Air Quality in Green Areas | Karma Lakelands

Air Quality in Green Areas


Most people assume that if they live near a green area with lots of trees surrounding them, the problem of air pollution will not impact them. The hundreds of trees will act as a barrier to the pollutants coming in. However, the numbers show a very different story. It has been found that the air quality in green areas that are in or near a polluted part of the country, has poor to even hazardous air quality.

There are two important things you need to undestand, before you lull yourself into the familiar complacency of living in a green area within a city. While trees and the green cover is important to keep pollution in check, but a pocket of green cover is only a part of a larger and complex system that is at work.

First and foremost, the trees make the air above them cooler and the warmer air from more polluted areas moves horizontally towards this cooler air making the area with green trees also heavily polluted. Secondly, the Air quality is not a local issue that can be pinned down to a small area. Air is constantly transient, and the air pollution zone of Northern India starts in Pakistan and ends in Bangladesh. Hence a small green zone will not have “clean and healthy” air when everything around is bad and this air is moving constantly. So now that we know that the air can be poor, what are some of the specific pollutants that we get exposed to, and what can we do to reduce our exposure:


Particulate matter (PM2.5, PM1)

• PM2.5 refers to particles with a diameter between 0 to 2.5μm (though what is measured is typically only between 0.3 and 2.5μm) . These are usually called fine particles and can be secondary aerosols, combustion particles and re-condensed organic metallic vapor, and acid components. Fine particles can reach all the way down to the alveoli in the lungs. • PM0.1 refers to particles with a diameter of less than 0.1 μm and are called ultra-fine particles. Ultra-fine particles are the most harmful to our health as they can penetrate into the bloodstream. • The safe levels for PM2.5 exposure is 10μg/m3 for annual average exposure. The average exposure when living in Delhi is 153μg/m3 – about 15 times the safe levels. • To avoid exposure to pollutants, stay indoors as much as possible, seal all windows and openings so that polluted air cannot enter, use an air purifier that is equipped with a True HyperHEPA filter which can effectively remove fine particles from the air. • If you spend more time on the road get high-efficiency HyperHEPA car air purifier which protects against PM2.5, ultrafine particles, allergens, diesel soot, and microscopic particles.

Carbon Dioxide

• The main source of Carbon Dioxide (CO2 ) indoors is human beings. At levels over 800ppm, it reduces human productivity significantly, impacts cognitive ability as well as causes discomforts like drowsiness and headaches. • Carbon dioxide cannot be filtered from the air with active carbon or other molecular filters like other indoor gases. Therefore, it needs to be diluted by bringing low CO2 concentration outdoor air into the building (air purifier which has the capability to bring fresh air from outside) or have lots of plants in the space as they remove carbon dioxide.


• VOCs (Volatile organic compounds) are carcinogenic gases that are emitted into the air from certain solids or liquids. It is present in our daily lives. We are constantly exposed to smells from several sources. Formaldehyde, one of the most common VOCs, is a colorless gas with an acrid (sharp and bitter) smell. It is common in many building materials such as plywood, particleboard, and glues.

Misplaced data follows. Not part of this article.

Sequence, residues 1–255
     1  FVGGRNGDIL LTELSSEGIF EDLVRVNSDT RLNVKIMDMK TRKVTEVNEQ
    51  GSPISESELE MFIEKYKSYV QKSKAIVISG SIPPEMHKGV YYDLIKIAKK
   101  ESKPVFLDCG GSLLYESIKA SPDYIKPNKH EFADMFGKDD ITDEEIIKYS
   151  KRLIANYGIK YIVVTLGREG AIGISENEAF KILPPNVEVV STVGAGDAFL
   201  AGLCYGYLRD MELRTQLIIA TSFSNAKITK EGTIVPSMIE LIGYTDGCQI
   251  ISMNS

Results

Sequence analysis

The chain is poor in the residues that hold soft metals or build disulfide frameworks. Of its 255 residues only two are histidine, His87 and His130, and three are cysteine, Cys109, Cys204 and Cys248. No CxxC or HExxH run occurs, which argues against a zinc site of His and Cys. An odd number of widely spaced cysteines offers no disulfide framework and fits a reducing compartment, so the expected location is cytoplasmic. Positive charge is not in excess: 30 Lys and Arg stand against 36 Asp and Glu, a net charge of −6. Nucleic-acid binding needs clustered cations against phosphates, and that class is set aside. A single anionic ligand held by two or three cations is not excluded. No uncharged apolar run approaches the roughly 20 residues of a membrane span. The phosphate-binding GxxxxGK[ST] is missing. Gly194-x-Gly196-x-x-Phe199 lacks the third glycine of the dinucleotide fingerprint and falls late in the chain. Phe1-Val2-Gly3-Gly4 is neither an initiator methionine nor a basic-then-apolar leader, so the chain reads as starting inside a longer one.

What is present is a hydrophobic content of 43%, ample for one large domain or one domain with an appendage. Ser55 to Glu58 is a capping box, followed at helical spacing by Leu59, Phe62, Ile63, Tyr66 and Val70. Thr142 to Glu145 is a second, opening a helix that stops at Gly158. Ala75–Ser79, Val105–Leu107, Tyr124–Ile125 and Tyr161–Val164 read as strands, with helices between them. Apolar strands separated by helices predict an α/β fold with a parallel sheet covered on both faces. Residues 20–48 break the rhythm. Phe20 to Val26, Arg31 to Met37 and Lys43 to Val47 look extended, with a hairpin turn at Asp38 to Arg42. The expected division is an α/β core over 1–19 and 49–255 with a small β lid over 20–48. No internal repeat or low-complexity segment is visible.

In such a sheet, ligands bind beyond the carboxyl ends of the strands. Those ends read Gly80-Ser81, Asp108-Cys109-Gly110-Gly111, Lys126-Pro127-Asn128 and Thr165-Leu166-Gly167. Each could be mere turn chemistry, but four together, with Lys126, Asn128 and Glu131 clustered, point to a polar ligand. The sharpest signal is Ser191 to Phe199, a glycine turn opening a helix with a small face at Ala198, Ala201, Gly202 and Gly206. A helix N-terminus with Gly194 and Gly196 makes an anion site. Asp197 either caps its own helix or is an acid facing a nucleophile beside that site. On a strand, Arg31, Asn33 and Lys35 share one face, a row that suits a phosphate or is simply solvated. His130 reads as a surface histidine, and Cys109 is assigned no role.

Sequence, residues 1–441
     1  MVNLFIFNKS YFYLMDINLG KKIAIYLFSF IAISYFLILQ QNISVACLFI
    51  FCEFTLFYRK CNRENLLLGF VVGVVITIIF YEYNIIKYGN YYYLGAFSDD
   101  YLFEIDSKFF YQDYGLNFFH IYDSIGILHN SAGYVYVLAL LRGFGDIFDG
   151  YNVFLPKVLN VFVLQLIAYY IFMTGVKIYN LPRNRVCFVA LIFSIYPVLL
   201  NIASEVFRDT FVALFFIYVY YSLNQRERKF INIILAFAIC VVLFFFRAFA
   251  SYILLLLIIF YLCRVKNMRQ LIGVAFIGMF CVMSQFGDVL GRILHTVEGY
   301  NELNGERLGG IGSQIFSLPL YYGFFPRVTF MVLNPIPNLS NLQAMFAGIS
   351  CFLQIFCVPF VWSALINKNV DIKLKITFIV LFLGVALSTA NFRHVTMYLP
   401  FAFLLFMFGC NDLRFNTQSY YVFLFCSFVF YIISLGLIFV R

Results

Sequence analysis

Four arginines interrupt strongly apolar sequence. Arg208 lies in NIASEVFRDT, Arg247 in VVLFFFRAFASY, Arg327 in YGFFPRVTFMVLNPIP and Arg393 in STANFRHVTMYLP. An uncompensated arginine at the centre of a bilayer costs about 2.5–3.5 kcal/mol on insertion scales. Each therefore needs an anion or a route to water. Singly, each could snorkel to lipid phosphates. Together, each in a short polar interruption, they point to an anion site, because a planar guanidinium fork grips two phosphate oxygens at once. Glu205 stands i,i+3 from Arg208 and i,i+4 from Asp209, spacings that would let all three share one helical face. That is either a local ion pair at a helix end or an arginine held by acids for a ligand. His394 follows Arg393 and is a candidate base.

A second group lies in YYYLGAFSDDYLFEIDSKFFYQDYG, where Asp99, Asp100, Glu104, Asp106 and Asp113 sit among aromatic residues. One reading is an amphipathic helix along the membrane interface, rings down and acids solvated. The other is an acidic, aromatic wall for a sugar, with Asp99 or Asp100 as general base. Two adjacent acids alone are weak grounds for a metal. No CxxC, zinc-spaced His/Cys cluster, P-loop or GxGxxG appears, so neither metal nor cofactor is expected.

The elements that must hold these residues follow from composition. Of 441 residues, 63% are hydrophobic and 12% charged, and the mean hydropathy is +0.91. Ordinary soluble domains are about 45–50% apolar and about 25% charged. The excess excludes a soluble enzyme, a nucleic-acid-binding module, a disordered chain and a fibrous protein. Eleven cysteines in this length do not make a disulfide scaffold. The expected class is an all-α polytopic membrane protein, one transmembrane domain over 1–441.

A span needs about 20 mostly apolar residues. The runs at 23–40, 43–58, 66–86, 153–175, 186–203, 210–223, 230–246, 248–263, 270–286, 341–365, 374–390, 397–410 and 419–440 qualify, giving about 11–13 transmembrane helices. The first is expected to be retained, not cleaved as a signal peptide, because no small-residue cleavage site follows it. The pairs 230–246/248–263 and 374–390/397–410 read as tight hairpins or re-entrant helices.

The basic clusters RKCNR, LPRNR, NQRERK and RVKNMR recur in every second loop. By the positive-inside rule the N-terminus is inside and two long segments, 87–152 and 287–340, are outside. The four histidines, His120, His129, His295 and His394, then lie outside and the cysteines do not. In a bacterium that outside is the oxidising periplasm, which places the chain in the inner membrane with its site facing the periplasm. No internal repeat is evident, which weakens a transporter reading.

• Other sources of VOCs include the burning of fuels such as gas, wood and kerosene and tobacco products. VOCs can also come from personal care products such as perfume and hair spray, cleaning agents, dry cleaning liquid, paints, lacquers, varnishes, printing machines, mosquito repellant, deodorant, etc.. VOCs include a variety of chemicals that can cause eye, nose and throat irritation, shortness of breath, headaches, fatigue, nausea, dizziness and even cancer.
• One can get a high quality filter that is capable of removing VOC’s from the air. Typically a simple carbon filter will NOT do this well. One must invest in a higher grade filter that has broad spectrum gas removal capability.

Harmful Gases

• The gaseous air pollution can be either outdoor or indoor air-based. Outdoor air can contain high concentrations of Carbon Monoxide (CO), Sulfur Oxides (SOx), Nitrogen Oxide (NOx), Ozone (O3 ), Hydrogen Sulfide (H2 S), Ammonia (NH4 ), Dioxins, Furans, and volatile organic compounds (VOC). Most of these gases are related to vehicle emissions, landfills, burning of waste (including plastics) and open sewage systems.
• These gases with high concentrations can create various health effects, like increased respiratory symptoms in people with asthma. Sometimes the combination of particulate matter with gases like NOx are harmful as particulates carrying NOx penetrate deep into the lungs and can cause respiratory disease. Ozone is a lung irritant and high concentration levels of ozone is harmful to our health.
• Again, it is very important that one gets proper analysis and testing done in a living space for these harmful gases. Specially if there are strong odors, electronics tend to fail often, AC pipes get corroded quickly, etc. To protect oneself from damage from these gases, one must invest in high quality gas phase filtration that has the ability to target these harmful gases. Speak to a consultant who knows what they are doing before buying something like this. As we have seen above it is imperative that we work towards clean air for ourselves. We drink 2-4 litres of water and are very particular about the quality of the same. But we breathe 11-13 thousand litres of air each day. What do we do about this?